Le Corbusier's Urban Planning, 1942-1946: The ASCORAL Studies and the Plan for Saint-Dié
4 West Burton Place
Chicago, Illinois 60610
This project examines Le Corbusier's ideas about urban planning in the 1940s, especially his innovative project for the reconstruction of Saint-Dié. The research includes an oral history about this subject with Roger Aujame, who worked closely with Le Corbusier on his urban proposals during that decade. Aujame was a major participant in Le Corbusier's ASCORAL studies of the early 1940s and a coauthor of Les Trois Etablissements humains; he was also involved in the design of Saint-Dié and of the Unité block for Marseilles.
Roger Aujame has held a long and rich architectural practice since 1942, when he began working for Le Corbusier, following his studies at the Ecole des Beaux Arts in Paris. During World War II, he was a member of the ASCORAL (Assemblée de constructeurs pour une rénovation architecturale) group and coauthored (with Le Corbusier and others) the book Les Trois Etablissements humains, published in 1946. In Le Corbusier's atelier, he worked on studies for the Usine Verte, the urban plan of Saint-Dié, the Unité d'Habitation in Marseilles, the Maison Currutchet, and the Modulor. In 1944, he became a member of the avant-garde design group Union des Artistes Modernes, and organized with André Hermant the group's first retrospective exhibition at the Sorbonne in 1947. He was also an active member of the Congrès Internationale d'Architecture Moderne (CIAM), participating in the meetings at Bergamo (1949), Aix en Provence (1953), and Dubrovnik (1956); at this last meeting, he presented a design for collective housing with "modifiable" units. After leaving Le Corbusier's atelier in 1950, Aujame was involved with the construction of the United Nations complex (on the design of which he had participated earlier), and then in 1952, he founded (with his wife Edith Schreiber Aujame) ATIC, which realized (along with Jean Prouvé's atelier) 200 units of housing in Argenteuil for the Abbé Pierre. During the 1960s, he worked for the United Nations, assisting with urban planning schemes, including developing master plans for Kabul and regional capitals of Afghanistan. Beginning in 1967, he also provided technical assistance to UNESCO for educational buildings. In 1969, he taught as a guest critic at the Graduate School of Design at Harvard. He has been active member of the Foundation Le Corbusier since the mid 1970s and served as Secretary General of the organization from 1982 to 1988. Most recently, he designed and helped supervise a new children's hospital built in Kabul, as well as helped to supervise the construction of Le Corbusier's church at Firminy.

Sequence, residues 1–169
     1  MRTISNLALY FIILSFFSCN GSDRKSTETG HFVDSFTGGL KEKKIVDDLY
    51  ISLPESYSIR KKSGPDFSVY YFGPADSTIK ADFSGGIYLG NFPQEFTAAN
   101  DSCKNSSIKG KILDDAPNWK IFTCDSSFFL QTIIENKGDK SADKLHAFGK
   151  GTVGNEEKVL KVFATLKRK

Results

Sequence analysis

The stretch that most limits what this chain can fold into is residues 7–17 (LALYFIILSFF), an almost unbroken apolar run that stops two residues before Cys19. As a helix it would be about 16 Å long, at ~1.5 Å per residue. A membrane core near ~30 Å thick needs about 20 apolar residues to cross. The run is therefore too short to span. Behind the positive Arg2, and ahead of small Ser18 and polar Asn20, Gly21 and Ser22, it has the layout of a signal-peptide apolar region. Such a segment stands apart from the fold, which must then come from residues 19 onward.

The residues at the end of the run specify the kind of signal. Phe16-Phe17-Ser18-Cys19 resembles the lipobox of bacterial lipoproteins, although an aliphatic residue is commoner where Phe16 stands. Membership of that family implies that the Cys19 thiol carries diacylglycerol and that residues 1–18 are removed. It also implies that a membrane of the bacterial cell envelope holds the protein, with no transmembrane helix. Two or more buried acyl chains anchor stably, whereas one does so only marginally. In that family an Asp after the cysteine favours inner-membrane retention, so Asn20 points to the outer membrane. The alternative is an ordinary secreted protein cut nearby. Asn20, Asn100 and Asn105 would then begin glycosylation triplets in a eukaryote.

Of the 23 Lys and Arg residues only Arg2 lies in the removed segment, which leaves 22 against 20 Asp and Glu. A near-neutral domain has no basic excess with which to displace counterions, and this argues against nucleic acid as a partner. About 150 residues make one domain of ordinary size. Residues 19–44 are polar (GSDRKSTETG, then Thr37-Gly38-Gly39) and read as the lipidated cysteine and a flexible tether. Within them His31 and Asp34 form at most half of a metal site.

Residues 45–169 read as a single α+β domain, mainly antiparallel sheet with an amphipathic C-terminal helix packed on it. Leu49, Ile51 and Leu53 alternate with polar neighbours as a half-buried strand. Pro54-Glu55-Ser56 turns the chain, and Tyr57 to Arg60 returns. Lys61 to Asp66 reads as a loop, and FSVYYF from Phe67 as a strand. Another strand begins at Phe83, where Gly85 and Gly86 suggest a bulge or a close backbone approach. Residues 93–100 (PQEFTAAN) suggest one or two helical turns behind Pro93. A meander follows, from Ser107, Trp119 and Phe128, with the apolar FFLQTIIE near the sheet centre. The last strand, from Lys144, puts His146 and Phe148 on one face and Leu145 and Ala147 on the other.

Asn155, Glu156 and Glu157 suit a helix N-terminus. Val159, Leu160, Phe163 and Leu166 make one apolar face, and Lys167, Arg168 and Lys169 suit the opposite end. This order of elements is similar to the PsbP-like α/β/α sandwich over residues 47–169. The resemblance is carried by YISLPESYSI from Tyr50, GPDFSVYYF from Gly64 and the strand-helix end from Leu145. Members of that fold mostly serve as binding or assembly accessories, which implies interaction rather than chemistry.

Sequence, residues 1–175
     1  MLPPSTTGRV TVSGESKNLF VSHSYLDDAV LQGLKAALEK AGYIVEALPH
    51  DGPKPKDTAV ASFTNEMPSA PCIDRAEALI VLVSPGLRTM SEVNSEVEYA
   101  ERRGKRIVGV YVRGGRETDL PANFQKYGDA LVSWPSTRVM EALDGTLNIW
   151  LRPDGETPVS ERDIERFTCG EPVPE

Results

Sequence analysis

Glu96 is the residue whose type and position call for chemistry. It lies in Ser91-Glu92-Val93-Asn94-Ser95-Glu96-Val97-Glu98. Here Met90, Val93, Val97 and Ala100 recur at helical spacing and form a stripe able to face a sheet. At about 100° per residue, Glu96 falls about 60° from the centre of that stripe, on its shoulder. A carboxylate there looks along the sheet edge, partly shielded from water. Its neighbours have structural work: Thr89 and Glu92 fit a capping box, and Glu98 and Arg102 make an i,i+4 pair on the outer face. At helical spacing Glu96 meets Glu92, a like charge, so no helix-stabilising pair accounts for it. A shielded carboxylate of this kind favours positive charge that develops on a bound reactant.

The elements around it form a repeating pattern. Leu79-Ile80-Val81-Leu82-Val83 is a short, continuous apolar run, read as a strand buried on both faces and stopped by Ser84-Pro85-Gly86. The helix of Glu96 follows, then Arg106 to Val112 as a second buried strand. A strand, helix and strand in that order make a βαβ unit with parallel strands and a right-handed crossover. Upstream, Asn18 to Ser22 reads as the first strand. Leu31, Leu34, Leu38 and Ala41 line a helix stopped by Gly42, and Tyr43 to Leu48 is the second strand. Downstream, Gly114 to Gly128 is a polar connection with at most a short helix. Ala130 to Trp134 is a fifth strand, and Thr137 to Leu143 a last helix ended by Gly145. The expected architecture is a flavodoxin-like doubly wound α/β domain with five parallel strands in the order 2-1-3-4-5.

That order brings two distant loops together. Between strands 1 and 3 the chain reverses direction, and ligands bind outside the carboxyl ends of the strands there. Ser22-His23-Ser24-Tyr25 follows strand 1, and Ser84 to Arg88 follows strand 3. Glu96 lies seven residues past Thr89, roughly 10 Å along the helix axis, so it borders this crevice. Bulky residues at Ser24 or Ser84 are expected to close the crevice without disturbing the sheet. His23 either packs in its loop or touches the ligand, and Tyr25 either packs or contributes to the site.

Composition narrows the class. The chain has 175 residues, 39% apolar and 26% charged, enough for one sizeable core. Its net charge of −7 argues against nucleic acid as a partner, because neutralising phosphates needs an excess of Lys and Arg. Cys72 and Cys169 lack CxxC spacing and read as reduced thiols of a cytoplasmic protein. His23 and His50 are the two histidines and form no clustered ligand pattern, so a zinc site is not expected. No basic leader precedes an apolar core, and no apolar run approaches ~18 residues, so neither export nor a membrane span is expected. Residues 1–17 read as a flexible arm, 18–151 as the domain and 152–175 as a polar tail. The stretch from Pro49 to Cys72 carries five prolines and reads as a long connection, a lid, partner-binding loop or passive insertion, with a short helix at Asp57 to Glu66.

Mary McLeod is a professor of architecture at Columbia University, where she teaches architectural history and theory, and occasionally studio. She has also taught at Harvard University, the University of Kentucky, the University of Miami, and the Institute for Architecture and Urban Studies. She received her BA, MArch, and PhD from Princeton University. Her research and publications have focused on the history of the modern movement and on contemporary architecture theory, examining issues concerning the connections between architecture and ideology. She is coeditor of Architecture, Criticism, Ideology and Architecture Reproduction, and is editor and contributor to the book Charlotte Perriand: An Art of Living (Abrams, 2003). Her articles have appeared in Assemblage, Oppositions, Art Journal, AA Files, JSAH, Casabella, and Lotus, as well as anthologies such as The Sex of Architecture, Architecture in Fashion, Architecture of the Everyday, Architecture and Feminism, The Pragmatist Imagination, The State of Architecture, and Fragments: Architecture and the Unfinished. She currently serves as a board member for the Buell Foundation for the Study of American Architecture, and has previously served on the boards of the Society of Architectural Historians and the Architectural League of New York. She initiated and helped curate the exhibition Charlotte Perriand: Interior Equipment, held at the Urban Center in New York.
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